A draught proofing hack from TikTok's That Property Guy Kyle James is using tin foil behind your radiator for a cheap alternative to radiator reflectors or radiator foil to reflect heat away from the wall and back into the room.
It goes without saying that this will only work if you've given in and turned your heating on.
Do radiator reflectors work?
Do radiator reflectors work is actually a question recently investigated by Homebuilding & Renovating's Associate Editor Natasha Brinsmead. She concluded that tin foil is a waste of time as it is really fiddly but adding proper insulated radiator reflectors, which cost from around £21 each, can be effective but it does depend on how well insulated your home is to start.
Radiators reflectors are most effective on radiators positioned on external walls. On a home built pre-1976 reflectors can save you as much as £2.75 per radiator. She didn't test out radiator shelves, so whether these work or not is still a mystery.
6. Buy a radiator key to bleed your radiators
Not so much of a hack, more good household maintenance, but bleeding your radiators is the smart thing to do each year. Air inside radiators makes your heating system inefficient because your boiler has to work harder.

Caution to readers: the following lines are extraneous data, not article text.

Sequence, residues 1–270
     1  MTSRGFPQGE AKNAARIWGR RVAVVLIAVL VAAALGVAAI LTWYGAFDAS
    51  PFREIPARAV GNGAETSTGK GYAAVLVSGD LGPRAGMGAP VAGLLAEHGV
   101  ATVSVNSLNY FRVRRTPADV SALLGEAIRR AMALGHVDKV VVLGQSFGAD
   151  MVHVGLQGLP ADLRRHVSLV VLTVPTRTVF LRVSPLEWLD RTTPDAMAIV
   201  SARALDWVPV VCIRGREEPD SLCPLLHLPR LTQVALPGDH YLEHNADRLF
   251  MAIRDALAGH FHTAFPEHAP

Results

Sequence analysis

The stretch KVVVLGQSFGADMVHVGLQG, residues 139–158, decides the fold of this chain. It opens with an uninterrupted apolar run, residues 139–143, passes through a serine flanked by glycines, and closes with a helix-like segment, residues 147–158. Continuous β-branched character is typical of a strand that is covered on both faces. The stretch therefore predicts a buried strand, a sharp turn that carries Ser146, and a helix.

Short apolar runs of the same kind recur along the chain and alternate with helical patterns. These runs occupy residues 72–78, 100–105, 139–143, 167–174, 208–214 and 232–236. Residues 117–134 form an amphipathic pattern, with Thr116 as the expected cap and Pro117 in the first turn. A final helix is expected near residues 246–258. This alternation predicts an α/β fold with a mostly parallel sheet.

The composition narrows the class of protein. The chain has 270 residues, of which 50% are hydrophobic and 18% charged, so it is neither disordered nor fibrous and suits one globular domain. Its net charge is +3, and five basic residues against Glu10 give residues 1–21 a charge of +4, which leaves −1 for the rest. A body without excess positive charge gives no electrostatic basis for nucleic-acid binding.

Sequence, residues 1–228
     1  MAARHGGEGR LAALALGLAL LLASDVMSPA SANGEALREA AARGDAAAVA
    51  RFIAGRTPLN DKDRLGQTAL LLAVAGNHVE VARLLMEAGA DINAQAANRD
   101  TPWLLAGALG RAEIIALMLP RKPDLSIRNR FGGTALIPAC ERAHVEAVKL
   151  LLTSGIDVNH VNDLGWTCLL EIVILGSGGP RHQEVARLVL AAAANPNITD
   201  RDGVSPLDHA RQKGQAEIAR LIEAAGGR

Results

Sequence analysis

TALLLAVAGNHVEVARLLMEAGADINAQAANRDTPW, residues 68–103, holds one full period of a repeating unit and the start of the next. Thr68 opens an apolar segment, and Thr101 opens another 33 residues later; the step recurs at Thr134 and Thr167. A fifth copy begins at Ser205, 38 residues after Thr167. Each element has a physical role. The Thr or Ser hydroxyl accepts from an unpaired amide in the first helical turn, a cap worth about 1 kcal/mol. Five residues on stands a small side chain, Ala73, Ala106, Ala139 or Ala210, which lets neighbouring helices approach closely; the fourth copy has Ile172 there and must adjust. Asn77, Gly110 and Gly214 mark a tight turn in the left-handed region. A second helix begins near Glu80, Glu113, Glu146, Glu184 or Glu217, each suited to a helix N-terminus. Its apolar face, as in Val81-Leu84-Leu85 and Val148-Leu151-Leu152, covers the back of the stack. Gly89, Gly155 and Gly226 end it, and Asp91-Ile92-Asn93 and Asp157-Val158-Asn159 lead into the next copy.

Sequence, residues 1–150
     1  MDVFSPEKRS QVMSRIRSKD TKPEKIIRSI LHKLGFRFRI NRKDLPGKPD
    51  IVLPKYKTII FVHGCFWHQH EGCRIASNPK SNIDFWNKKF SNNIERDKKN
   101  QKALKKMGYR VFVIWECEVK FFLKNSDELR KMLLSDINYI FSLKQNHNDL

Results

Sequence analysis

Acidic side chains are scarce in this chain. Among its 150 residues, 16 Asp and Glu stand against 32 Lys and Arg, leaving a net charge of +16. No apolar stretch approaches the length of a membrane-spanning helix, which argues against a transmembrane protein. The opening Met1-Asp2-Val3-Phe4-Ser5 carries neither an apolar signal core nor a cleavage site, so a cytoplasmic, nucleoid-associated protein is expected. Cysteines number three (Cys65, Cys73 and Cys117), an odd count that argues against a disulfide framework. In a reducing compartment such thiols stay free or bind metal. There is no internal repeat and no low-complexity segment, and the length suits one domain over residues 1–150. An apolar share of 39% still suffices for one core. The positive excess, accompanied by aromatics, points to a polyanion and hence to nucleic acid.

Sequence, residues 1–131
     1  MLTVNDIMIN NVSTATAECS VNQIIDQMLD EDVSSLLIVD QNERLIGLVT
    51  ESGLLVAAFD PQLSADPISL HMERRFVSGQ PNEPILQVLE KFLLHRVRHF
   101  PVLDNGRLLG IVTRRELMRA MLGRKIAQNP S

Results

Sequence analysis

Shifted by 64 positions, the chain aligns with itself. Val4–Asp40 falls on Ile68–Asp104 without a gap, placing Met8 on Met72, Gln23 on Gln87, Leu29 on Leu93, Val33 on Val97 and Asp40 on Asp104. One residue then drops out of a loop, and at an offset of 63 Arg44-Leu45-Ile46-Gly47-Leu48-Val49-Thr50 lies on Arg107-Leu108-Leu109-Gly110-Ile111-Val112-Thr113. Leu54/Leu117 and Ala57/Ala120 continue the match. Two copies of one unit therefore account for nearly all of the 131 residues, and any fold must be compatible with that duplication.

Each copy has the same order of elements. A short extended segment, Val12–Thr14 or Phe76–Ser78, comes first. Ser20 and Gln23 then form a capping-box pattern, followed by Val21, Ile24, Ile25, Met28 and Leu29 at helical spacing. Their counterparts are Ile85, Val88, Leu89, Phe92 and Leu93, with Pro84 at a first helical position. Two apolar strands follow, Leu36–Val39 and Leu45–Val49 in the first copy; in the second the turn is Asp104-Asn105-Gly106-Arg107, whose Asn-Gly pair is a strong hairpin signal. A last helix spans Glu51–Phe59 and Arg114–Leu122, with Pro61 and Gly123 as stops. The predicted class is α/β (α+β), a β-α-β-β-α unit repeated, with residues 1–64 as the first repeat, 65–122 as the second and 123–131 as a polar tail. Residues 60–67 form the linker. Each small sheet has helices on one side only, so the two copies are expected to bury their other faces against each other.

A radiator key only costs around £1.30 so it's worth the effort. Here's our guide on how to bleed a radiator if you need a refresher. We didn't need to test this one out as it definitely works and is well worth doing.
It's worth mentioning that keeping your wet clothing off radiators will help them work more efficiently too.
7. Feng Shui your household furniture
Feng Shui is all about energy and letting it move around a room, in a similar way that you want heat to be able to move around a room to heat it.